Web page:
She is driven to challenge and transcend the discrimination she faces as a short and black and female mother who is also a shackdweller, and then link her own struggles with that of fellow mhlali – this is why Bandile has been targeted for political arrest by Durban police.

For the past 8 months, since shackdwellers were evicted from a housing development in the area of Cato Crest in Durban, they have been embroiled in a recurring struggle for a place to call home. Their occupation of vacant municipal land which they named “Marikana” (after the miners strike and subsequent massacre by police) merely to make sure they have a roof over their heads, has earned them the full violent response of the state: home demolitions, evictions, rubber bullets, tear gas and multiple murders.

Two Cato Crest housing activists, Nkululeko Gwala and Thembinkosi Qumelo, were assassinated this year – residents believe by armed criminals close to the local ANC councillor. Others have been shot by law enforcement officials during protests and lie in critical condition at local hospitals. On the 30th of September, 17 year old Nqobile Nzuza was shot and killed in the back by police who – as in the other more famous Marikana strike – cry self defense. Yet, as usual, no police were hurt during what by all local accounts was a peaceful protest.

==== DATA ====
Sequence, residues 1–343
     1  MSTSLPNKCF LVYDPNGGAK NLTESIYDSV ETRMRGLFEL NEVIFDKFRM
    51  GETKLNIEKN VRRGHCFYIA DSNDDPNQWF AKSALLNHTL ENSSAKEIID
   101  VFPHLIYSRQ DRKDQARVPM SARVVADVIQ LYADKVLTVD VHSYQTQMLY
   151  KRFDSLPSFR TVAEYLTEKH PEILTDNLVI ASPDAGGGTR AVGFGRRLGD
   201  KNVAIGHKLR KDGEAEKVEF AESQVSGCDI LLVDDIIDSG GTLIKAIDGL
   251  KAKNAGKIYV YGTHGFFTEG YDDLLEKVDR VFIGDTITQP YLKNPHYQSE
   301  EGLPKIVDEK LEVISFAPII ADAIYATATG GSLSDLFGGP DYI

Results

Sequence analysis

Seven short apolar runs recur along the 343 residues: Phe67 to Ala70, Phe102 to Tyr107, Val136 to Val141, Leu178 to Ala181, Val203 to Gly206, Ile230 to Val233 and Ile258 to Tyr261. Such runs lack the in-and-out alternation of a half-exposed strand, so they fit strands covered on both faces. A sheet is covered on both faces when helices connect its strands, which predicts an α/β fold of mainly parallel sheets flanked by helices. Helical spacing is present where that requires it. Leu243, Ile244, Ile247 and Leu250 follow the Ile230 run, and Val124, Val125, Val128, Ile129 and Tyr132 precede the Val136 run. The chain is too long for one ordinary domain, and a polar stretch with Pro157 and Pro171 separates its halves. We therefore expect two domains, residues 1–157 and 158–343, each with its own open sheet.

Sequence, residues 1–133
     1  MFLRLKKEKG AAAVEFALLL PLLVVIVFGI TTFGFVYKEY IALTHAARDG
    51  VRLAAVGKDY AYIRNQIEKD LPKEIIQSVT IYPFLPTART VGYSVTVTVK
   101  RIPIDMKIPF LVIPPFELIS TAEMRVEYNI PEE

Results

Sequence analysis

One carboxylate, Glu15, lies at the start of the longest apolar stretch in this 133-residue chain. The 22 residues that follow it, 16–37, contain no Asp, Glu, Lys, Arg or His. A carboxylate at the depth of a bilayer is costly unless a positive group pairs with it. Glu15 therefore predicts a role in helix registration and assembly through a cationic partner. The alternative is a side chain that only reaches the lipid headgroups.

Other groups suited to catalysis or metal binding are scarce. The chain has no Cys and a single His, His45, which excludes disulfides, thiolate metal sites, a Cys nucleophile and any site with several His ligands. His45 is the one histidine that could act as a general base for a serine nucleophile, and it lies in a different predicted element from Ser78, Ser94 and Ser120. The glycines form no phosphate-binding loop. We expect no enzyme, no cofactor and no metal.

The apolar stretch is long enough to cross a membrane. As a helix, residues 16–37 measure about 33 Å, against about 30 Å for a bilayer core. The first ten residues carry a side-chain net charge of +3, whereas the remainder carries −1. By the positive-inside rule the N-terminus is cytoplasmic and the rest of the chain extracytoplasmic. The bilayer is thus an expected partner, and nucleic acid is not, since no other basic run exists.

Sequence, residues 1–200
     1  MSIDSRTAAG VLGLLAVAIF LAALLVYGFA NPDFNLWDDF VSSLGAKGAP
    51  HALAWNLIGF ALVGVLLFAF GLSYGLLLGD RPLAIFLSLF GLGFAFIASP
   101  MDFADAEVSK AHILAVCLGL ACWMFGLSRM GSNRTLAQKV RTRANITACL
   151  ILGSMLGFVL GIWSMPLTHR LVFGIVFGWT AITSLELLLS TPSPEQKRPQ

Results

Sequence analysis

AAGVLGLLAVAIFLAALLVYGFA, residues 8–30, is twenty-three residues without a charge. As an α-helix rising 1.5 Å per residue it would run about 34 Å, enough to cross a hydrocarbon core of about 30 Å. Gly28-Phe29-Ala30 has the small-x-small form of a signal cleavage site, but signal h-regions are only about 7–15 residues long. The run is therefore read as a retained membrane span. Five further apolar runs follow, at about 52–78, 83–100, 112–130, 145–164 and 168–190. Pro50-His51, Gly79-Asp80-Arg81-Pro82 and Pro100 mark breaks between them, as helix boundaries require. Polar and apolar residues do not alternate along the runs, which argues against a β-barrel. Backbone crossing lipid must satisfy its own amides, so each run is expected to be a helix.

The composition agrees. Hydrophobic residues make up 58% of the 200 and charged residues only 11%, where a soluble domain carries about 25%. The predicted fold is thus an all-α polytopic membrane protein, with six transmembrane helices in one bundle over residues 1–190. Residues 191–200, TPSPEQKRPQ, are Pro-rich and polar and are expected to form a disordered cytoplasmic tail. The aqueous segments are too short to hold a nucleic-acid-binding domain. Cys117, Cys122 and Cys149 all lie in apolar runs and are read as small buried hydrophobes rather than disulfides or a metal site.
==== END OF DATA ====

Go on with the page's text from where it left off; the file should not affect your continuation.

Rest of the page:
There is a definite campaign by politically connected people in the local ANC government to squash the Marikana Land Occupation in Cato Crest (a former white middle-class area close to the city centre). Yet, despite the violence coming from the municipality, the political assassinations and the illegal home demolitions, the community of hundreds refuses to budge. After evictions, the community has just rebuilt their shacks. As a response to the state-sponsored violence, AbM have now begun a city-wide civil disobedience campaign where residents have marched without giving notice to authorities and engaged in road blockades.